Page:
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History of the Refugee Crisis in Lesvos

From 2015 the Island Has Been a Hot Spot

The local population of the island of Lesvos is about 85,000.  In September of 2015, migrants and asylum seekers from Syria, Afghanistan and Iraq began arriving on the shores of Lesvos.  “Over the course of 2015, the island hosted more than a half a million migrants and asylum seekers.  This represents about 59% of all asylum seekers and migrants who transited through Greece that year on route to destinations in northern Europe.”  (Source:  The Migration Policy Institute

The influx of refugees and migrants decreased after the European Union and Turkey signed an agreement in March 2016 to curb the influx of refugees entering Europe.  Under the agreement, asylum seekers who take clandestine routes to Greece from Turkey were to be sent back.  Since the agreement was signed, arrivals on Lesvos and other Greek islands averaged 2500 a month in 2017, compared with the 10,000 who made landfall on Lesvos in just one day during the height of the crisis in October 2015. (Source:

Despite the agreement, the number of people sent back to Turkey has decreased to 20-30 individuals per month as asylum seekers appeal rejections and rights groups challenge the legality of turning away those in legitimate need of protection.   As a result, the refugee population on Lesvos continues to grow, contributing to the overcrowding in the refugee camps.  Over 10,000 people are living in camps on the island with the majority of them in Moria camp.  Moria refugee camp is run by the Greek state but largely financed by the European Union.  It accommodates nearly 8000 in a camp that was built to accommodate 2500. Kara Tepe Camp is managed by an organization affiliated with the Municipality of Lesvos and supported by the NGO community.  It houses women, children and families.  Lesvos Solidarity, a Greek NGO, manages Pikpa camp where the most vulnerable of refugees live.  Pikpa has been internationally recognized as a model for providing humane and dignified assistance to refugees.  The Director of the Camp,  Efi Latsoudi, was named as one of two winners of the 2016 Nanssen Refugee award for her tireless work for refugees.  (Source:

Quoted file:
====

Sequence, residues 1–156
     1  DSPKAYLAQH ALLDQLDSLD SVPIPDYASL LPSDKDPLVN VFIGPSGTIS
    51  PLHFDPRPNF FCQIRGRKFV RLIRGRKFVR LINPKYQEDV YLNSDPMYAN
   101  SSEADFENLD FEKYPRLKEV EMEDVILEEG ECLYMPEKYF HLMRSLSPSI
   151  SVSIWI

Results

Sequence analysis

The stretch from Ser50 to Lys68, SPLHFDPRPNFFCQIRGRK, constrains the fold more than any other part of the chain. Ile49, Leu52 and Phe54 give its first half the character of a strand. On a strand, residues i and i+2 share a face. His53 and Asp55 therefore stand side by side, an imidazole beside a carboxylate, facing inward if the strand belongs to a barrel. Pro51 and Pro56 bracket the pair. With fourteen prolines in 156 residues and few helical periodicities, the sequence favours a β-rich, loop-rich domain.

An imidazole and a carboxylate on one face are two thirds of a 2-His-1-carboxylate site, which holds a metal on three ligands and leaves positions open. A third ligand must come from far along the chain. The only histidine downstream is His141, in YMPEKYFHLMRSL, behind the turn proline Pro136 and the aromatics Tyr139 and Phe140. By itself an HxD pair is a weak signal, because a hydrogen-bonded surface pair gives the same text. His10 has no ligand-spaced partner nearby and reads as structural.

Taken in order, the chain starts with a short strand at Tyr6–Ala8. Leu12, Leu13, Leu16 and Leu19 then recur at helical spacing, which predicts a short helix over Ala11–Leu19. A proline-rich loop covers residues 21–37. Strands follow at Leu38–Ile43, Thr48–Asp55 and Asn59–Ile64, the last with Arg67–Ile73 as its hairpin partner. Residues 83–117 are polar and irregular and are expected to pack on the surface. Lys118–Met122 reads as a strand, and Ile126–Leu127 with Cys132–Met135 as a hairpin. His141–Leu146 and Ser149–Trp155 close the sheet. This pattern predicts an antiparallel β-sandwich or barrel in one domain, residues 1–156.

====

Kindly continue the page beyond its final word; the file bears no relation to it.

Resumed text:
The Greek government has stated that it will speed up the processing of asylum claims by streamlining procedures and hiring additional staff and translators. But the arrivals on Lesvos and other islands are far outpacing the number of people being transported to the mainland on compassionate grounds or because their asylum applications have been approved.  (Source:

The nurse volunteering at DocMobil, one of the NGOs visited, reported that the most pervasive medical issue she sees among the refugee population is PTSD.  This stems not only from the traumatic voyage from their homelands but from the conditions at the camp and depression due to the length of time they have lived with uncertainty and fear.

On the international front there is wide anticipation that the Global Compact on Migration will help to improve global governance and enhance coordination on international immigration.  The process to develop this compact began in 2017 and seeks to protect the safety, dignity, and human rights of all migrants regardless of their migratory status.  “The “zero draft” of the new Global Compact for Safe, Orderly and Regular Migration was released early this week, along with a schedule by the compact’s co-facilitators — the United Nations missions of Mexico and Switzerland — that puts the compact on a track for completion by the end of 2018.”  (Source:

Within this context, there are a myriad of volunteers from around the world working alongside refugees, who themselves are working to improve conditions and support.  -----May, 2018

For up-to-date information about the latest European developments in the areas of asylum and refugee protection see check

ECRE is a pan-European alliance of 90 NGOs protecting and advancing the rights of refugees, asylum seekers and displaced persons.